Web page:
What Colors For Wood Grain Base Coat

by THAT Painter Lady

Hi Debra,

Thank you for the faux painting download. I am wondering if yellow is the only color used for the base when painting for a wood faux finish or if there are other color choices available or recommended?

Also, is the base simply paint (like perhaps an eggshell water based paint) or is it a specific category of paint product?

Thank you for your timely response.


Hi Francis,

The yellow is used for wood that you want to resemble like oak or pine etc.

I’ve used a red color for wood like mahogany.

does that make sense?

And the base is simply paint. Always use a satin or something “slippery”. A paint with a slight sheen means it won’t
“grab” the glaze as you apply.

If you use a flat water based paint, the glaze will be grabbed by the paint underneath and you won’t be able to play with it and create a grain effect.

Have fun…


Hi Debra,

Thank you very much for getting back to me right away.

So since a choice of many base colors can be used, I suppose there is almost unlimited possibilities as regards a final result.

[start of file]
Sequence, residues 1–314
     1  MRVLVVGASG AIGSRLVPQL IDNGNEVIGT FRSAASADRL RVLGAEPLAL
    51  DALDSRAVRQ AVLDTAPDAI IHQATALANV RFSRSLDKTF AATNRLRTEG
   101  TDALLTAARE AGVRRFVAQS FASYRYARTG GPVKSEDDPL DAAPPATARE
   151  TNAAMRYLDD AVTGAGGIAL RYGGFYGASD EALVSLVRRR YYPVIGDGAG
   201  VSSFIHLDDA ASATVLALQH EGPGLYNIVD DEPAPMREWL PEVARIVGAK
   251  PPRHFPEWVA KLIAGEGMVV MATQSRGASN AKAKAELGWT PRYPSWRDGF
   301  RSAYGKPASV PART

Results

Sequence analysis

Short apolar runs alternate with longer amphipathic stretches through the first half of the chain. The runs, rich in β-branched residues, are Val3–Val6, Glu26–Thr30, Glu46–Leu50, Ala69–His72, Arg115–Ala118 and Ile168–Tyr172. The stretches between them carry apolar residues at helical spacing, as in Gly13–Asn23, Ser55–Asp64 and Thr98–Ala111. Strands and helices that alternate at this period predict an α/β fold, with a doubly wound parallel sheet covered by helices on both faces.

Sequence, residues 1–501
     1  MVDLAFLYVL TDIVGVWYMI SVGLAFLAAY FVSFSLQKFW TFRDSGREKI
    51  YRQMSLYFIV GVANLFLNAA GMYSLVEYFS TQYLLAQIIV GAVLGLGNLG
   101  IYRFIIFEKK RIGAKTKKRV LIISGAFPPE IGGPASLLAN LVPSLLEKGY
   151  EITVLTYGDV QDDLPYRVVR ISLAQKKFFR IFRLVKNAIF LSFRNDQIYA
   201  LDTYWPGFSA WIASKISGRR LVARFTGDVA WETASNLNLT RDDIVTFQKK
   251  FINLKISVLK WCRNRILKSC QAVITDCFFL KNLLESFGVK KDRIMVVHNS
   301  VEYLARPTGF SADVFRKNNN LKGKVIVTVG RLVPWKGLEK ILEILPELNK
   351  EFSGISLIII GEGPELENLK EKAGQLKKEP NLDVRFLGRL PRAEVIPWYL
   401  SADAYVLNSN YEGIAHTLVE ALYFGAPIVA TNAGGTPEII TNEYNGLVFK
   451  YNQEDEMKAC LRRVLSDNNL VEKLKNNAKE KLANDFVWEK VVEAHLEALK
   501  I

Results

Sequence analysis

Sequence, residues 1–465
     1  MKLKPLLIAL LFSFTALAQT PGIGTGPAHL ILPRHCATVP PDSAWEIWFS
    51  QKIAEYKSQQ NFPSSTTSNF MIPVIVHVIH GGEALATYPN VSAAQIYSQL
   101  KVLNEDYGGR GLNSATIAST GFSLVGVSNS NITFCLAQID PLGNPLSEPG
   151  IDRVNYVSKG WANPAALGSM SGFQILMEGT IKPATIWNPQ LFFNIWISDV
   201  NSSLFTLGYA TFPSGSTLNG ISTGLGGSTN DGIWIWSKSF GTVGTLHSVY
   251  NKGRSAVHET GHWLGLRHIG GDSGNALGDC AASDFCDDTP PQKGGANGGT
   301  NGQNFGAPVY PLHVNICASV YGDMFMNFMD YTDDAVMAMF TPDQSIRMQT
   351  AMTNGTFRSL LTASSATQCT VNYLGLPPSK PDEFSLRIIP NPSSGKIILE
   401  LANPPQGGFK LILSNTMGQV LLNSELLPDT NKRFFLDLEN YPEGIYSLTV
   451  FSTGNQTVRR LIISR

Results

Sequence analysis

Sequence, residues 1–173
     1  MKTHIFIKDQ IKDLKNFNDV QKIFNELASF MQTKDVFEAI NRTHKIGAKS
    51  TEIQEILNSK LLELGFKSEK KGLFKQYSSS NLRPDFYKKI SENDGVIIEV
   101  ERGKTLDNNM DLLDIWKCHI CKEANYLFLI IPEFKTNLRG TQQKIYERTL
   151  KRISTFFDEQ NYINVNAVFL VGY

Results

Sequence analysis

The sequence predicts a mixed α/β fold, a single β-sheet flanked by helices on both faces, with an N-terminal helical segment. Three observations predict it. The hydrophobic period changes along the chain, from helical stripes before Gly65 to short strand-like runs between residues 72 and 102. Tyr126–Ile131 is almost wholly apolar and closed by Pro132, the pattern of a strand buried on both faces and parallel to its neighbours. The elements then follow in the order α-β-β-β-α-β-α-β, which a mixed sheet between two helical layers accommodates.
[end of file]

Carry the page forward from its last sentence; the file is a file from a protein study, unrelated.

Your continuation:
I also suppose that trying several different base colors would be needed to “hone in” on a desired end result. We have toffee colored maple kitchen cabinets that I want to duplicate.

Note: see the silhouette cabinet face at the link below.



Hi again Francis

toffee-color-wood-grainHmmmm… with those cabinet colors I think you will want to try a “buff” color for the base coat. Something very very light.

It could be that an off-white or cream color will
work best. Try not to go with a yellowish or pink tinted off white. Stay in the
coffee with ton’s of cream color

And… as a side note the glaze will have to be played with as well. If the overall color of the cabinets lean towards a redish tint then use a sienna base… like raw sienna.

And if the cabinets are more of a yellow looking wood then stick with the umber glaze.
It’s a toss up between burnt umber and raw umber really.

The video teaches you to create the wood technique… it’s a creative process to come up with the exact combination of base coat and glaze coat if you are trying to “match” something.
But I think it’s really fun…

good luck.. Debra

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